Deal's Gone Bad
Sam Cooke releases his first secular single, the soul ballad "You Send Me" It debuts at number one in the US charts.
The hottest summer in recent Jamaican history causes the traditional roots music, ska, to slow down to the pulsing dance rhythms of rocksteady.
Otis Redding plays Monterey Pop Festival to the biggest audience of his career, ensuring "crossover" success.
Bob Marley and the Wailers release "Catch a Fire" their first full-length, and the beginning of massive international stardom for Marley.
Where do these two strands of influence find voice today? In the unique hybrid of Jamaican Soul, as brought to you by Chicago's own Deal's Gone Bad. Now in their 14th year, Deal's Gone Bad is touring extensively with its strongest and most consistent line-up in its history. With elements of ska, rocksteady, reggae, and American soul, DGB is sure to please on the dancefloor as well as on their
fourth release to date, The Ramblers on Megalith and Jump Up! Records (March, 2007). Although the band draws its influences from classic Jamaican (Desmond Dekker, Jimmy Cliff, Ken Boothe) and American (Otis Redding, Sam Cooke, The Temptations) artists, the sound is a uniquely modern combination, unlike anything else on the scene today. Deal's Gone Bad will appeal to fans of both soul and Jamaican music, as well as anyone looking for a turn on the floor or a song in their hearts. While The Ramblers is a testament to the strength of the songwriting, as well as the close-your-eyes-and-its-Otis voice of Todd Hembrook (his first record with the group), it is in live performance where the boys truly shine. Deal's Gone Bad shows are a combination of soul rave-up and
island dance party, with the force and energy of any punk band worth their salt. Lace up your dancing shoes and slip into your sharpest suit or pencil skirt, Deal's Gone Bad is coming to your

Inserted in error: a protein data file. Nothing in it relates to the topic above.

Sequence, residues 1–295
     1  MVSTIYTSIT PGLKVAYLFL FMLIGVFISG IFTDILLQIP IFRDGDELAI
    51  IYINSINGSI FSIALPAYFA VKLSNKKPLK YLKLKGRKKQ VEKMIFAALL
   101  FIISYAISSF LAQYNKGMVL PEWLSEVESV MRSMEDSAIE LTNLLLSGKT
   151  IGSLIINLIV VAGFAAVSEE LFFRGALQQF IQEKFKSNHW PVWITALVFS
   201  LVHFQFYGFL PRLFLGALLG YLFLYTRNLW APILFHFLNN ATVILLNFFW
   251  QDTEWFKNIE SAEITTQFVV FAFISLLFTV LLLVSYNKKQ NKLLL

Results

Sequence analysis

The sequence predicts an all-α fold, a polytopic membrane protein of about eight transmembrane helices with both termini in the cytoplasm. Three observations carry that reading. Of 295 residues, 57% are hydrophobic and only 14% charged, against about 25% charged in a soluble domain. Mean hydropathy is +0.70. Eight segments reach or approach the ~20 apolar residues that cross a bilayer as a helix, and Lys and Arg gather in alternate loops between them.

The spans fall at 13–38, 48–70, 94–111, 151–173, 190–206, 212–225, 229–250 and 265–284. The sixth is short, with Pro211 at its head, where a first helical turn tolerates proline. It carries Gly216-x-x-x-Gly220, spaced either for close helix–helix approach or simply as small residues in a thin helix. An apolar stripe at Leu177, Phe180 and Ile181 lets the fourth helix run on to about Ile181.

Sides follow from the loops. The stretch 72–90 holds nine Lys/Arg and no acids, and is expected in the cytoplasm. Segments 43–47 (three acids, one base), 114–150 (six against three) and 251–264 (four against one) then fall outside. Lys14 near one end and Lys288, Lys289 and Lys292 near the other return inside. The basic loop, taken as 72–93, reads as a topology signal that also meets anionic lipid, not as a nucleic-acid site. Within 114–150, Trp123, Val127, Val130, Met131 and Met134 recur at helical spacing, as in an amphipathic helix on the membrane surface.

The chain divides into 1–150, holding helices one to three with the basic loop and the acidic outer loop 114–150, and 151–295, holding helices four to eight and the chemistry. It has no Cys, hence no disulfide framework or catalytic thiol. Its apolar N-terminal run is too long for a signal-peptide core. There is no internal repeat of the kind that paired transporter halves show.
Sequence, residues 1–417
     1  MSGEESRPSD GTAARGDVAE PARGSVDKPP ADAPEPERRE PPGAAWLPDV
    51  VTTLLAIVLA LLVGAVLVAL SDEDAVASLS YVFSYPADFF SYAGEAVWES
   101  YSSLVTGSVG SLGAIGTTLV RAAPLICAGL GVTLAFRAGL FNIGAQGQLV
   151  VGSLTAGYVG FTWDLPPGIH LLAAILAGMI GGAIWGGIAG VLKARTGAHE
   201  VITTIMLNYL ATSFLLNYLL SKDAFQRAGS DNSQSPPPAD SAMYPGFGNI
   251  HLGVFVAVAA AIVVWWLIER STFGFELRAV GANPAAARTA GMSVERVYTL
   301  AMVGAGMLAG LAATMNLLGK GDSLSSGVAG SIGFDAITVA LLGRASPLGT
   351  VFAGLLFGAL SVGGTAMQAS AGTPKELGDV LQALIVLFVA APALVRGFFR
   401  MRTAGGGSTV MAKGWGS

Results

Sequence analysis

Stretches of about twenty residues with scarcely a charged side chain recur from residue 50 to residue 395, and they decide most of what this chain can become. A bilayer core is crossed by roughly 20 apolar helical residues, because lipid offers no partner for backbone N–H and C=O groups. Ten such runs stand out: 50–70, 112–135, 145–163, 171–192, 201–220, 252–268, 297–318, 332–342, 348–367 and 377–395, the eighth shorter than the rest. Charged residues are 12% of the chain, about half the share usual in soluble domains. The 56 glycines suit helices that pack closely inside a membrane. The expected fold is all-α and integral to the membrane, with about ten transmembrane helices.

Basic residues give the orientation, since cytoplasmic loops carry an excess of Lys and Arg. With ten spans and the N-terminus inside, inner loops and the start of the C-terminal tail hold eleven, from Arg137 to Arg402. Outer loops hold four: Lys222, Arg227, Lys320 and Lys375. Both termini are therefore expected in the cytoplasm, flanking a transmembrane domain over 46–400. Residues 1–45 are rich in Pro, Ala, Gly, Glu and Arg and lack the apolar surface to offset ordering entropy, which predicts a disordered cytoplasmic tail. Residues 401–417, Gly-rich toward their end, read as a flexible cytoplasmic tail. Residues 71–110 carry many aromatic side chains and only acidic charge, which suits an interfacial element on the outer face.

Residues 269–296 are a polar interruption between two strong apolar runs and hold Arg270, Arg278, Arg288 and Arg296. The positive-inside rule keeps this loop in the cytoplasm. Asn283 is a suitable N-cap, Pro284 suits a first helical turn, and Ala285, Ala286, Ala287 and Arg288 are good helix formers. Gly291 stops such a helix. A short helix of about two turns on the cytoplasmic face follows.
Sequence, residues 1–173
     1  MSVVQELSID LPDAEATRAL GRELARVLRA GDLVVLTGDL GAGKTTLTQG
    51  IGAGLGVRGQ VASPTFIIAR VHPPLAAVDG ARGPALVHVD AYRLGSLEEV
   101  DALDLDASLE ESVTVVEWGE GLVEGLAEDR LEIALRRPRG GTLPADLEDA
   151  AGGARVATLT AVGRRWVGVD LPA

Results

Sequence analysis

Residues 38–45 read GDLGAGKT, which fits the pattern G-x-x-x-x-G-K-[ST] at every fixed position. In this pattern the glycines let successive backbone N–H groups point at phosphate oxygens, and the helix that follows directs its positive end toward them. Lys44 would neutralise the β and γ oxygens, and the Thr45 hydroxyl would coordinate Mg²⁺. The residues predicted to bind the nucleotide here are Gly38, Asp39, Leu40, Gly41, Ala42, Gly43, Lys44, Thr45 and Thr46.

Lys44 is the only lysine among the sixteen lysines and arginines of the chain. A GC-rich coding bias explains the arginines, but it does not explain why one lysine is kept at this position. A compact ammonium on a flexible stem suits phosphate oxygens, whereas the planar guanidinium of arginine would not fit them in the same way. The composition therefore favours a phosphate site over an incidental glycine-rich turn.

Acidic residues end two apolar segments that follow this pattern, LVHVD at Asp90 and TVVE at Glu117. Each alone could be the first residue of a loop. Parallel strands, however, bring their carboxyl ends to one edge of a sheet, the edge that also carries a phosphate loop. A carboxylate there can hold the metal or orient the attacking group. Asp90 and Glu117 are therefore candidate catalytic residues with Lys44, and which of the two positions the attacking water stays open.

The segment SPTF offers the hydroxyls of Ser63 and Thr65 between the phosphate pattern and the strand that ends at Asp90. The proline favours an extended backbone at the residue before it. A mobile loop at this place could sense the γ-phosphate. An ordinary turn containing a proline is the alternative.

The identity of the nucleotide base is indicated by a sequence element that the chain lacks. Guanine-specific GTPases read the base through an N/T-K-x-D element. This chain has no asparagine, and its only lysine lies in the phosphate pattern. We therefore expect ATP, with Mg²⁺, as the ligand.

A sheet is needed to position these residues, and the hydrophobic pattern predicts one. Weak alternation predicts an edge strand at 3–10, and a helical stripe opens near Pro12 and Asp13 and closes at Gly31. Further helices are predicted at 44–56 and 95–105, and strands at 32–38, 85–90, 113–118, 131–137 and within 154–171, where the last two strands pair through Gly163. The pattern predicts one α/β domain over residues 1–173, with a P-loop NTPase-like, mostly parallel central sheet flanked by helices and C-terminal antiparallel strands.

town so get ready
Archbishops of Blount Street
Raleigh-Durham-Chapel Hill's ONLY ska band, no matter what you heard.
Raleigh Public Record says,"this band is brass heavy and reminds me of a cross between Johnny Sketch & the Dirty Notes and the Pietasters. Bottom line – these guys are amazing." The Independent Weekly says, “Archbishops of Blount Street pay tribute to two-tone trailblazing.” The Durham Herald – Sun calls Archbishops of Blount Street "people with a drive for the music and party." The Chapel Hill... News says Archbishops of Blount Street "give the day a great reggae/ska flavor."
Archbishops of Blount Street play ska music unlike anyone from Roanoke Rapids to Wilmington, from Greenville to Greensboro. There are ten guys in the band! We have five gentlemen who play fiery horns, five who sing like nightingales, five that lay down a rhythm on top of which only a corpse could keep still and the whole is even greater than the sum of our parts.
Blount (pronounced, 'blunt') Street is a downtown thoroughfare running north and south through Raleigh, North Carolina in the US of A. We named the band Archbishops of Blount Street to give listeners an idea of our geographic origin. Ska, the mother of reggae music, was born in Jamaica and traveled over its half-century of waxing and waning popularity to the rest of the globe. But ska retains its Jamaican sense of rhythm, instrumentation and baudiness.
Some Archbishops are former members of The Jumpstarts, T-Rox & The Skankosaurs, 40 Ozs. and Dread34, all of Raleigh-Durham-Chapel Hill's finest gone-but-not-forgotten purveyors of skank. Archbishops of Blount Street play ska music covering all its major movements including first wave, two-tone and third wave and will soon premiere original music, too. We've played every size of venue from small local bars to major music festivals and have shared the bill with national touring acts like The Pietasters, The Toasters and international stars Bad Manners.
Though we call ourselves a ska band we only build about a third of our set with traditional ska covers. The rest are pulled from five decades of more widely popular music and given the special Archbishops treatment. By our very nature those treatments emerge as identifiably ska, but our mad skills allow us to organically rework each song into a fresh but immediately recognizable take on the original.
If you still need to know who we are you can catch Archbishops of Blount Street at an upcoming local performance. E pluribus unum. Esse quam videri. Quod populus tripudio. Skavoovie!
The Rockit Pops
The Rockit Pops are a Punk Rock band with Ska undertones from NC
In The Showroom
Doors @ 7:00 PM
Show @ 7:00 PM